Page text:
This month's limited edition signed print by Ladd P. Ehlinger is of the Treasury of Athens at Delphi, Greece. The view in the sketch is of the east facade with the sun shining from the west, looking slightly up the mountain. This type of temple style is architectonically known as a 'distyle in antis' with Doric style columns. This particular style has a pair of columns framed or bracketed between walls. This framing of the columns by the walls gives a strong aesthetic focus to the columns as a picture frame does to a picture, and was a common device used for treasuries.
Delphi was a Greek city founded in prehistoric times upon a legend from Greek mythology. On the precise spot where two eagles. freed by the god Zeus. flew down to earth for the first time, the first shrine at Delphi was founded and consecrated to 'Mother Earth', Gaia. Themis, identified by many as synonymous with Gaia herself, was the sole heiress to the shrine and she, in turn. ceded her place to Apollo, the god who came from the sea and slew the Python near the Phaidriade rocks.
Delphi was thus a shrine or sanctuary. and served as a focus for the pious pilgrims of the Greek city states. These city states made the various shrines about Greece into 'festival cities', where competitions in athletics, drama, oratory and the like were held between the various city states at the time of the feasts of the gods being worshipped at the particular shrine. These feasts varied with the calendar and from city to city. Olympus is probably the most famous city of these competitions, from which our present day Olympics are derived.
Delphi was also known as the 'navel of the earth', and a strange massive crock of pottery was created to represent the concept. It was about 5.5' tall and 4.5' in diameter, oval in shape, with various icons embellishing its surface. This object was venerated during the festivals.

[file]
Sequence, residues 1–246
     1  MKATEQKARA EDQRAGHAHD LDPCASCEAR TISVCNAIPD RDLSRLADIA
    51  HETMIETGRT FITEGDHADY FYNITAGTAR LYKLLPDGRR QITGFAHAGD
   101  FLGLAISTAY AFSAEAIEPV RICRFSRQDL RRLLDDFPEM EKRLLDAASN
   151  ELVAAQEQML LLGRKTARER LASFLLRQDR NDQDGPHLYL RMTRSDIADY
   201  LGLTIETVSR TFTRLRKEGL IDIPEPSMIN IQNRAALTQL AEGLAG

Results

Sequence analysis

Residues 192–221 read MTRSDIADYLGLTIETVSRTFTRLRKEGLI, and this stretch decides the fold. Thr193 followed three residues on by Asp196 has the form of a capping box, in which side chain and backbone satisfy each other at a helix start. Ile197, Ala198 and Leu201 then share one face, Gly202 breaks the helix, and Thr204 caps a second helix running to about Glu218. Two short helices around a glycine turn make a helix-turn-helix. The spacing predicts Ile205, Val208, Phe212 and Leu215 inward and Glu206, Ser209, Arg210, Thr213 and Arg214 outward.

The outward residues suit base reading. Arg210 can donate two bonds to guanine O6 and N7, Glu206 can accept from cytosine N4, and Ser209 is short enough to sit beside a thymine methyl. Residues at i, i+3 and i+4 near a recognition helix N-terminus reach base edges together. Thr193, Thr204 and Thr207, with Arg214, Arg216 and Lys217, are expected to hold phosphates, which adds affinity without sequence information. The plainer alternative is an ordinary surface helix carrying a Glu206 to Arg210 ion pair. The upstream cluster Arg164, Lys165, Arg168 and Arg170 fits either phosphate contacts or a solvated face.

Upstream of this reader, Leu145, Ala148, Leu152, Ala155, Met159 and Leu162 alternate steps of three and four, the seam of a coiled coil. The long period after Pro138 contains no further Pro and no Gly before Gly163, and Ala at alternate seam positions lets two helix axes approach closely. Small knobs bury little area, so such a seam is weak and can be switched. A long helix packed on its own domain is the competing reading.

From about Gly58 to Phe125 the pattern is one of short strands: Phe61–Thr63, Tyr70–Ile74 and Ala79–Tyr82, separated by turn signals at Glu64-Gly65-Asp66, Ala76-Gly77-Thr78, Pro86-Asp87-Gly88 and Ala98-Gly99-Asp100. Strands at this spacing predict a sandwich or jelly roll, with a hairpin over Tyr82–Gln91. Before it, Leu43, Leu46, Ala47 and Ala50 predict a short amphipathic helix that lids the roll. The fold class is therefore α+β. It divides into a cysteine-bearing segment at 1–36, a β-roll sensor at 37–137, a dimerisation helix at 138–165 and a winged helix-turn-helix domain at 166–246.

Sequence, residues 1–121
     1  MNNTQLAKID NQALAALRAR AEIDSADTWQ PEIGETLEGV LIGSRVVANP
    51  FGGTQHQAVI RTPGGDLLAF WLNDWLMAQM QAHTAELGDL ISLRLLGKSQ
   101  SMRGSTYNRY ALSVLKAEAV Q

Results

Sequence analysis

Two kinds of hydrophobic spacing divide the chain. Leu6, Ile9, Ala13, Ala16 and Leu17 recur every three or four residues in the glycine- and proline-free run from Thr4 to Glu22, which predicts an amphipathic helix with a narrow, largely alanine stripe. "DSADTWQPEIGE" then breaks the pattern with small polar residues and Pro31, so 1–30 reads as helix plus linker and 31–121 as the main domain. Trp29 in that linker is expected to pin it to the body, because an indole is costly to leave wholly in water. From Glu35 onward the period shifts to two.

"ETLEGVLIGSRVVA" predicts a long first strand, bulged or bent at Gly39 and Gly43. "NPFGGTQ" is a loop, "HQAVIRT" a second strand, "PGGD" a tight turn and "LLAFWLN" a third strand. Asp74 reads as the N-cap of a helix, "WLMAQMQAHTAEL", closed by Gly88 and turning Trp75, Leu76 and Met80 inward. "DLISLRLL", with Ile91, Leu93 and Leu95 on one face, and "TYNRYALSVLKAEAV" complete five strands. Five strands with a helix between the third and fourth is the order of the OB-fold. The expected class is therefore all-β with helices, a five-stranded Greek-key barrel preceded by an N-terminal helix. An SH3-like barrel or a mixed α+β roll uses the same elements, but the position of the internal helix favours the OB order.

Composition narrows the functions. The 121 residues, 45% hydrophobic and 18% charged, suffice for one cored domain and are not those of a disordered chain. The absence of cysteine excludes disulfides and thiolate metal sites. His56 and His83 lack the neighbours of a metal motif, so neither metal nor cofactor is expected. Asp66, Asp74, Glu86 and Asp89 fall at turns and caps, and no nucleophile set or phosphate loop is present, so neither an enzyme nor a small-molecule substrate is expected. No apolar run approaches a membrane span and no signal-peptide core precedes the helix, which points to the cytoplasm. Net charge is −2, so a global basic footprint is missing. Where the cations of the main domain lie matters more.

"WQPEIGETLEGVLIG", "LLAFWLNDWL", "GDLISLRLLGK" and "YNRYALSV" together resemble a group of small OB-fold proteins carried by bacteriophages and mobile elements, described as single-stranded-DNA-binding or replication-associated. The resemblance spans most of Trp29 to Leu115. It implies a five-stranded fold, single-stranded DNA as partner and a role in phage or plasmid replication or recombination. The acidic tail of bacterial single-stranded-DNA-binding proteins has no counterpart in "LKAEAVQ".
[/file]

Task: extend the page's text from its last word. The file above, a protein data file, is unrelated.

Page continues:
Delphi is in the very mountainous region of Corinth near the sea. The only flat land in the city was used for the athletic fields. There were numerous structures built to service the events. the largest of which is an amphitheatre built into the mountainside. The largest temple was the Temple of Apollo, just up the mountain from the Treasury of Athens.
The Temple of Apollo was where the famous 'Oracle of Delphi' was resident. The oracle was always a female who was kept in a cage in the basement of the temple and fed laurel leaves and other hallucinogenic drugs. She was kept in a stupor at all times. When the faithful would pose questions to her through a screen in the main floor of the temple. the answers were governed by her drug induced stupor. Most oracles did not live very long.
Another one of the ways the various city states competed at the shrines was to build 'thesauroi' or treasuries. The treasuries functioned somewhat as banks, but they were offered to the gods as tokens of gratitude by the city states. They played an important part in the embellishment of Hellenic sanctuaries. They conveyed outward indications of power and ostentatiousness, but they are nevertheless of very high significance in architectural history. Very often they are in a better state of preservation than larger buildings. At Delphi. the Treasury is one of the few remaining buildings.
The treasuries also reveal the ancient Greek philosophy of architecture: buildings were also works of sculpture so that the two arts were often associated in a search for plasticity. These buildings were of restricted proportions, the treasury of the Athenians measures 22.1' by 317' in plan. The concept was that of a 'jewel box'.